Some big changes are coming to Strathcona County's waste management program.
 
The county is in the process of adapting its recycling program to changes in the global marketplace. While products in question won't be turned away until Sept. 10, Strathcona County is trying to get residents into the right routines as soon as possible. 
 
"The biggest change that we've made to our program was introduced in June and it impacts the blue bag program," said Leah Seabrook, manager of waste management services at Strathcona County.
 
"We've had to ask residents to remove some materials that are no longer marketable. This includes things like plastic packaging, flexible plastics, styrofoam, as well as a few other items that tend to be collected in the blue bags like glass or the nonrefundable Tetra Paks. But we can still recycle them, we just have to ask residents to bring them to our depots where they need to be collected seperately."
 
The most confusing issue for residents so far has been organizing their plastics, according to Seabrook. Plastics are being defined mostly by their texture, with only harder plastics being accepted after the changes are implemented.
 
"Things that are in, for example, are your hard plastic containers and bottles," explained Seabrook. "Like your ketchup containers, your detergent bottles... the stuff that's out is anything that can kind of be squished by hand. So, that might be your plastic clamshells or grocery bags." Lids from any containers will also be garbage when the compliance date hits.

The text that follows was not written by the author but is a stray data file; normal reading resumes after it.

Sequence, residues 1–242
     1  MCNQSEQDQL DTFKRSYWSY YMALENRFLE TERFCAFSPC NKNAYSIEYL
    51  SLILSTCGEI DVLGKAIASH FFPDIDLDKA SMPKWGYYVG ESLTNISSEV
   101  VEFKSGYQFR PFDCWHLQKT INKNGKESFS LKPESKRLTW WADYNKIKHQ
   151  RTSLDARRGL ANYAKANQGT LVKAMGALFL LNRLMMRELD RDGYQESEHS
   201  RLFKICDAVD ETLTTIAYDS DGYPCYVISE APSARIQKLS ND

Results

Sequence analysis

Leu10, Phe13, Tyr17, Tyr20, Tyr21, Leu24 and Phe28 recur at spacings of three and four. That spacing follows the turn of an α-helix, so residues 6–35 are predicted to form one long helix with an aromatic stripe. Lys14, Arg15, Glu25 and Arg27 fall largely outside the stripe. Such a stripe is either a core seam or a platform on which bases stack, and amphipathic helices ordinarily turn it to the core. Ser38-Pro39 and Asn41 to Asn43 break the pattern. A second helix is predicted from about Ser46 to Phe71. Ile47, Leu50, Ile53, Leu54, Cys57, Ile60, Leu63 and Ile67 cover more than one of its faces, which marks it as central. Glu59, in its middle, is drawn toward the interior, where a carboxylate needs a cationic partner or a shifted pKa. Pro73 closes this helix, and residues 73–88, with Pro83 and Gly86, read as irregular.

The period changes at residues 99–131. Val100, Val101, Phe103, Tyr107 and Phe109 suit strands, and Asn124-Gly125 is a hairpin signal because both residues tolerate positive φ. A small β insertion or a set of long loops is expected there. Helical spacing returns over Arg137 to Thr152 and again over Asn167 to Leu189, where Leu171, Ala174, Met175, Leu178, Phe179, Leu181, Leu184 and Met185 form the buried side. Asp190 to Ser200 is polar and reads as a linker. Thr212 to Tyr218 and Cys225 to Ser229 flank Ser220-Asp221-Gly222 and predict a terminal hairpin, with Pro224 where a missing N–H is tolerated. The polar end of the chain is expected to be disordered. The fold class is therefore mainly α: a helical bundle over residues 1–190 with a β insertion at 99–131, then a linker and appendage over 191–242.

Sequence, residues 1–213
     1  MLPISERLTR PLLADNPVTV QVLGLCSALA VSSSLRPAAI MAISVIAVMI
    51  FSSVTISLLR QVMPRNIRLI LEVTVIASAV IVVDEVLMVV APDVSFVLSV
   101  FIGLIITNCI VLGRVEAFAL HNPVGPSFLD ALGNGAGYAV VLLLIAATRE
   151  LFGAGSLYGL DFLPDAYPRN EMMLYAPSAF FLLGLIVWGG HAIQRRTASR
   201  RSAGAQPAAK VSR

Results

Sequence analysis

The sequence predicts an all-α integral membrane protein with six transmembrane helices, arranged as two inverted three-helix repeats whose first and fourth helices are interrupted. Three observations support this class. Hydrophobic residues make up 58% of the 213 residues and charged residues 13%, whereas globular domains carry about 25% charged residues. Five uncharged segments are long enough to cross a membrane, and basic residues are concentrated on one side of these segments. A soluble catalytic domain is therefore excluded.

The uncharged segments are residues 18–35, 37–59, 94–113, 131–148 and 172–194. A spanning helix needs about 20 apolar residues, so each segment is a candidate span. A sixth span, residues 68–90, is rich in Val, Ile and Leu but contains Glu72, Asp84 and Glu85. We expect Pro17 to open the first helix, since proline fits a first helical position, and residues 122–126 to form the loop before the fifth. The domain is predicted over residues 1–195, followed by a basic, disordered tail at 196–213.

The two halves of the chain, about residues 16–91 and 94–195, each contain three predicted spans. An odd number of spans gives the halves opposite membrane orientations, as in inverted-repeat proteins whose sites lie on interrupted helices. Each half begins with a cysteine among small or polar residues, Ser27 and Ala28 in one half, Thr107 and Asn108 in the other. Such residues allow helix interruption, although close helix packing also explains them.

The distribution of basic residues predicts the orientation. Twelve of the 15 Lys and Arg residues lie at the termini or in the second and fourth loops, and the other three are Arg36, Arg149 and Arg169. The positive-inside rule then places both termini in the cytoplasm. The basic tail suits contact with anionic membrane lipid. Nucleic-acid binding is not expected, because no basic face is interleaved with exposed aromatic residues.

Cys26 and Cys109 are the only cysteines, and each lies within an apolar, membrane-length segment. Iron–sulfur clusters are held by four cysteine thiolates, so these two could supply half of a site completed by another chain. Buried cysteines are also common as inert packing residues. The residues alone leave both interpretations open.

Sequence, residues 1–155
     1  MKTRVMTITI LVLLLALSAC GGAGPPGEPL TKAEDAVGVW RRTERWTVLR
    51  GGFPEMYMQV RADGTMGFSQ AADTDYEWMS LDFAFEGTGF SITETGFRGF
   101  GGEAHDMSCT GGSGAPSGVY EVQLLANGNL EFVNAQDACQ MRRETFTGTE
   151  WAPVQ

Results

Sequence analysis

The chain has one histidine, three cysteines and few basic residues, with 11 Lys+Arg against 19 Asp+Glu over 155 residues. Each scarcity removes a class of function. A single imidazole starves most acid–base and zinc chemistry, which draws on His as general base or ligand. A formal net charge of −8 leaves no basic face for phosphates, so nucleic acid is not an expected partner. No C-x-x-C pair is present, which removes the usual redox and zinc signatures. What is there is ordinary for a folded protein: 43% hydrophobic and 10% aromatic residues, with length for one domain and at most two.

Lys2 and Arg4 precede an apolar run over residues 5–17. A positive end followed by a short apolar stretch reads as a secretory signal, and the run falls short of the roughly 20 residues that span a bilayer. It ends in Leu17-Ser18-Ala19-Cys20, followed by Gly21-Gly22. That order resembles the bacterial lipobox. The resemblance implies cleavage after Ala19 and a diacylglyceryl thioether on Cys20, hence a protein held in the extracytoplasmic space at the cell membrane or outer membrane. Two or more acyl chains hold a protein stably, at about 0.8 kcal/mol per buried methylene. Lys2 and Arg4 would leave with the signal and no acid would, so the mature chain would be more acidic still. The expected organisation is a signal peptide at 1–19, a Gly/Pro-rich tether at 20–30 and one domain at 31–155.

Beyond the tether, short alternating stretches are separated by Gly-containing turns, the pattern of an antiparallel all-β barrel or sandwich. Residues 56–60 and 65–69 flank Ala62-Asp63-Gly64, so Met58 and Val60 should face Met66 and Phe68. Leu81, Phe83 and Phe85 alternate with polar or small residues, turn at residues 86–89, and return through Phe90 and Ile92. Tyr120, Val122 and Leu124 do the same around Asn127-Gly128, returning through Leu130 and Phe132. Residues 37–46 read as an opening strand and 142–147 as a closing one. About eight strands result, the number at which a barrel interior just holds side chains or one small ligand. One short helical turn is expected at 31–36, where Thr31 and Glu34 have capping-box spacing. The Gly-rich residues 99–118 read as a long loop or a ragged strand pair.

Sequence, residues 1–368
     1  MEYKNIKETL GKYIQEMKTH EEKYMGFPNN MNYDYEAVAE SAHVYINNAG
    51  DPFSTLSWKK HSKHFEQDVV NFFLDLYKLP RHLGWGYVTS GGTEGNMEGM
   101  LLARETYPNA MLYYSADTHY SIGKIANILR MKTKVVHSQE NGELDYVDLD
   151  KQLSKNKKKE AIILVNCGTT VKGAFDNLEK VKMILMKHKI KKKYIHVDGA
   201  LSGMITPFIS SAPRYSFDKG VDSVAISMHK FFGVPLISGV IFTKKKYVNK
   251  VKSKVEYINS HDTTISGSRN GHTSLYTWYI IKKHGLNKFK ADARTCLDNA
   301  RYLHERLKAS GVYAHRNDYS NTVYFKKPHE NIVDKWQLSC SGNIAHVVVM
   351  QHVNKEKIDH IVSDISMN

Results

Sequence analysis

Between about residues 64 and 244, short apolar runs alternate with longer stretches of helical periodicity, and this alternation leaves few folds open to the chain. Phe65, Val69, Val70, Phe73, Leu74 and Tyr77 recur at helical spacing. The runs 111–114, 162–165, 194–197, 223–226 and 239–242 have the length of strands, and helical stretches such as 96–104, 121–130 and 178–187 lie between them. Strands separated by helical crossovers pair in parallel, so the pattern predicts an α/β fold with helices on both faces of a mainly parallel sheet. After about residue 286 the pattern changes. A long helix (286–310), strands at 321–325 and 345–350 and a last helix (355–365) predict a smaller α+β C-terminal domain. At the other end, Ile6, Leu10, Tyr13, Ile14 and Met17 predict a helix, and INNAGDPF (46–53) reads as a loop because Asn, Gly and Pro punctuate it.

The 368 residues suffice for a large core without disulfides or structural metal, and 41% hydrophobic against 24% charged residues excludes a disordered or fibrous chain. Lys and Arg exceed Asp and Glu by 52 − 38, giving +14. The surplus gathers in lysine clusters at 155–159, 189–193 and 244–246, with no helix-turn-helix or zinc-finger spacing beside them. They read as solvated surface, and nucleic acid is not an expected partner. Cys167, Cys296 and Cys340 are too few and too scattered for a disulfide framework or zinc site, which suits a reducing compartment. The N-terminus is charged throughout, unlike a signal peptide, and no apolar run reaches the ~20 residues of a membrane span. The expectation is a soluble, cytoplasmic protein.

Another big concern among residents has been the question of space in the black cart for the items that are no longer being accepted.
 
"We're just asking residents to take the time to understand that a lot of the material that's coming out of the blue bag that's no longer recyclable is lightweight material and it can be easily compactable," said Seabrook. "We feel as though there is room in the back cart and we know that there are other improvements that can be made to the black cart in terms of making sure that all the organic material is diverted to the green cart."
 
Outside of ensuring that trash is properly sorted, residents are also being encouraged to check with local retailers about take-back programs for plastic packaging. Another important recycling rule that residents often forget, according to Seabrook, is to ensure that their recyclable materials are free of food, dirt and other contaminants.
 
"There is a hierarchy in the recycling world. There are three R's and this is just a little reminder to all of us to focus on those first two, which are actually reduce and reuse. We're really encouraging residents to look at ways that they can reduce the amount of plastic packaging that they purchase, making sure that they take reusable bags and coffee mugs and that sort of thing."
 
Residents can find more information on Strathcona County's website. Utilities Services is also offering a personalized review of resident waste routines and can be reached at 780-449-5514.
 
Fort Saskatchewan implemeted similar changes in early June. 

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